Flag of the State of Vatican City

Despite this, the popes did not recognize the Italian right to rule in Rome. They refused to leave the Vatican until the discussion was resolved in 1929.

In this year the Lateran Pacts took place. The agreements were signed by Pietro Gasparri, cardinal who acted on behalf of Pope Pius XI, and by Benito Mussolini , Prime Minister of Italy, who in turn represented King Victor Emmanuel II.

The pacts became the creation of the Vatican City State. At 0.44 square kilometers, it became the smallest country in the world with full sovereignty.

The ecclesiastical authorities decided to use the flag of 1825 to represent them as a sovereign state. The size of the 1862 infantry flag was used, with a 1: 1 ratio. Finally, the Vatican flag came into force on June 7, 1929.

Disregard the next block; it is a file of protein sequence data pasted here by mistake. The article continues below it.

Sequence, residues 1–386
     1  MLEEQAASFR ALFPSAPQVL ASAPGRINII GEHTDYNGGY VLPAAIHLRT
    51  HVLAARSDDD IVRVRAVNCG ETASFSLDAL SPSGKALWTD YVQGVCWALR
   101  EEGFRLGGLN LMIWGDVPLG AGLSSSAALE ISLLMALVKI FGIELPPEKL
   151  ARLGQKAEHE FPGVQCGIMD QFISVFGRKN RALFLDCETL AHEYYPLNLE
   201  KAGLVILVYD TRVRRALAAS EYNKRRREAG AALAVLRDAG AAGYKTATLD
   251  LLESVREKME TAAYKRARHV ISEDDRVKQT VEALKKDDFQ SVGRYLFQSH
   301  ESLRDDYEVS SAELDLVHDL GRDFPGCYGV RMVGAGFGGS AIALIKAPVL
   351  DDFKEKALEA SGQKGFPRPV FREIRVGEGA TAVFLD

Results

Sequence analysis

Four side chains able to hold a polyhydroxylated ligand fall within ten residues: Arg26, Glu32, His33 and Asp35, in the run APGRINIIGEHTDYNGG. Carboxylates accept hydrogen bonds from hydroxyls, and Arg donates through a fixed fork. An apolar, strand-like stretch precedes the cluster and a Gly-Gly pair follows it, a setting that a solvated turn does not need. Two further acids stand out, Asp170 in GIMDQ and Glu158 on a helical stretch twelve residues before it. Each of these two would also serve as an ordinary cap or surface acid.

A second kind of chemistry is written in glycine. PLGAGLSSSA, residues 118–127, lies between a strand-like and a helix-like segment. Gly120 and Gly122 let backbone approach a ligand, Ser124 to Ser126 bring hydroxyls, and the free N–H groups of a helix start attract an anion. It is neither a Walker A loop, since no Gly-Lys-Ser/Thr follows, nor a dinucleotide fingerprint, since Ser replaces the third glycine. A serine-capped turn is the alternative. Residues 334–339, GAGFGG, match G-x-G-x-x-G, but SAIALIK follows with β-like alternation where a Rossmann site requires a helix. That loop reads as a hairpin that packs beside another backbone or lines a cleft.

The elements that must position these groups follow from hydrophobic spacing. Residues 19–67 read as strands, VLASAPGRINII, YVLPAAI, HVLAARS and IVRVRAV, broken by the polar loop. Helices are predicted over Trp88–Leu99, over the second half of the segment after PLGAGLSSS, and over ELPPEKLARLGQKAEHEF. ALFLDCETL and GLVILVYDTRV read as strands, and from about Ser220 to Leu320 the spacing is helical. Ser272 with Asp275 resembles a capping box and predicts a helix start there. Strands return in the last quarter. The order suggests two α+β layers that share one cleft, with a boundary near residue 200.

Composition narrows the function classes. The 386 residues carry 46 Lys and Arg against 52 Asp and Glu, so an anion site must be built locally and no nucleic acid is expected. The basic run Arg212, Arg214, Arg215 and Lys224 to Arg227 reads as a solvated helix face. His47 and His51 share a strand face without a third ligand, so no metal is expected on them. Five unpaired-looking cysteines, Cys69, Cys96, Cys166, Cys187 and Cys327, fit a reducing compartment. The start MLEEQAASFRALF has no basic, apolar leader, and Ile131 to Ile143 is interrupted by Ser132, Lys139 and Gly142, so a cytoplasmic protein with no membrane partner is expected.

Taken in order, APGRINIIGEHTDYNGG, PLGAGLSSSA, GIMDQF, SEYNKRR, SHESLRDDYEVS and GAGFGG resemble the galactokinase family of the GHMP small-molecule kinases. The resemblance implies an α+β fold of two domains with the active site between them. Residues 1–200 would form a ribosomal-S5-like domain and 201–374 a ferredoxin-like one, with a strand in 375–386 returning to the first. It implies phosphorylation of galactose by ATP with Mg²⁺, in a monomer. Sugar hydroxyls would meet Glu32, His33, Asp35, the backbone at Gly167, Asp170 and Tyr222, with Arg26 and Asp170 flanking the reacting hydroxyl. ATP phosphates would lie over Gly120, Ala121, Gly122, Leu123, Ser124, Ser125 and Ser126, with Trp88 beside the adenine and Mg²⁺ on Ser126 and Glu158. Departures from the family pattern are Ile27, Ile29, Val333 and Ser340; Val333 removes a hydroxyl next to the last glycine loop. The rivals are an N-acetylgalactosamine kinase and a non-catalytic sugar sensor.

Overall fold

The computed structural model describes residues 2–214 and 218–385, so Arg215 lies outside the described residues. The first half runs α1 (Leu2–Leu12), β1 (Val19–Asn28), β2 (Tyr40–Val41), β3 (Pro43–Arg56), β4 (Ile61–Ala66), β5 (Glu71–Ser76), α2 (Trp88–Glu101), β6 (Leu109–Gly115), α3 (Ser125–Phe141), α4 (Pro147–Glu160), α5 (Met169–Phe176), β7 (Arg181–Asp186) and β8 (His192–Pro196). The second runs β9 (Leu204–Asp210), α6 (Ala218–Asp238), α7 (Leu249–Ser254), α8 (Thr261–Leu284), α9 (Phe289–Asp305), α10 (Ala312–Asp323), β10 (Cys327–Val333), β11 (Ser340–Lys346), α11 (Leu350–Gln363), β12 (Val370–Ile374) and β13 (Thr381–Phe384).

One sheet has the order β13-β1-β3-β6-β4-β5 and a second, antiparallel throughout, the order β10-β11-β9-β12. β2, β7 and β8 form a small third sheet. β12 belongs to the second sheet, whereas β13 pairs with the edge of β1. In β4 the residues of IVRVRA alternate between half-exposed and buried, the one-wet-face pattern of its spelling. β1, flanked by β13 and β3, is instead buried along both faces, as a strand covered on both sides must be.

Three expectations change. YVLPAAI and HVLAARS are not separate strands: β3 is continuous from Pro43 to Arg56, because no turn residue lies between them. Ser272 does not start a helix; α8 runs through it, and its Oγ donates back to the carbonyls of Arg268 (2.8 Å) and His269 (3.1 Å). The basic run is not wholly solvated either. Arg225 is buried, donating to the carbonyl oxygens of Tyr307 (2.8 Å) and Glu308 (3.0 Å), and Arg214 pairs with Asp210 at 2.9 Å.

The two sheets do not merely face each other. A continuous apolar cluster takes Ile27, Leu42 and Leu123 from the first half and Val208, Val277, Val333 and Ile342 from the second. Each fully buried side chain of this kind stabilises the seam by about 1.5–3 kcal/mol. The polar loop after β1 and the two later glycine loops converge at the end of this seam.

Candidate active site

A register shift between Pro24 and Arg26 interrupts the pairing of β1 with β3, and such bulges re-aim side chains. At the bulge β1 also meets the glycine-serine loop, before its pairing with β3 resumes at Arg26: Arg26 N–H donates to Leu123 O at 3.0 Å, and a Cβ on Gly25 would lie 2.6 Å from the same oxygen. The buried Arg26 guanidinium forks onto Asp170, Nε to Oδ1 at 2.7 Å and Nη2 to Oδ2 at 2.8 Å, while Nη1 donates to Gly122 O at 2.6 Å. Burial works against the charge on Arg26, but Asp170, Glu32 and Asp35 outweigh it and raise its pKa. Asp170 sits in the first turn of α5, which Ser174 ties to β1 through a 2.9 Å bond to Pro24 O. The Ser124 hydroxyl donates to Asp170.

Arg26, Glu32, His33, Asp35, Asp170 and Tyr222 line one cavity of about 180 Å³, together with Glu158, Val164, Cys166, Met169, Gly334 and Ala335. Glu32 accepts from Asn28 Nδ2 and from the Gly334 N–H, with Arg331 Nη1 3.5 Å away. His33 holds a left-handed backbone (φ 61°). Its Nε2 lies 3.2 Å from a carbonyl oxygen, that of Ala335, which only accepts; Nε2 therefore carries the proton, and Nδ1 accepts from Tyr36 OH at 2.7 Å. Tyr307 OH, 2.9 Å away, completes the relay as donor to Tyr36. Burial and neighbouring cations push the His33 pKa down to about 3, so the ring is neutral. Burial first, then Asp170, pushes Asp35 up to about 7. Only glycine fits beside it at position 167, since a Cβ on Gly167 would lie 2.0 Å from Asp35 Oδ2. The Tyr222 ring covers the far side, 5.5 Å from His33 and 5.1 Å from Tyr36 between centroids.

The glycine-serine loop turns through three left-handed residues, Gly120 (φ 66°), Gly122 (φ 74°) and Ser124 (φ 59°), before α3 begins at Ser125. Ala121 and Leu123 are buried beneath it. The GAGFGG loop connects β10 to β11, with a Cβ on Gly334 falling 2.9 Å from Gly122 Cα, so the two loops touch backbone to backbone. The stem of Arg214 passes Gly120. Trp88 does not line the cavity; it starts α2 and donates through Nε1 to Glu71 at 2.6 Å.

Banner design

The flag of the State of Vatican City is square, with a 1: 1 ratio. It consists of two vertical bands of the same size in yellow and white. In the center of the white strip are located the crossed keys of Saint Peter and the Papal Tiara, which are the arms of the country’s coat of arms.

The gold key points to the right and the silver key to the left. Both are joined with a gules or azure cord.

Meaning of the flag

The colors white and yellow have their origin in a tradition in which both colors represented the keys to the Kingdom of Heaven that Saint Peter guards. These keys were given to the Pope when in the ” Lateran Archbasilica ” he assumed the Petrine ministry in Rome.

This meaning is also reflected in the arms of the shield that are on the flag. These are composed of two crossed keys that represent the Keys of Heaven, which Jesus Christ gave to Saint Peter, according to what is written in the Gospel according to Saint Matthew 16:19. In addition, the papal tiara is also present, symbol of the power of the leader of the Catholic Church in the world.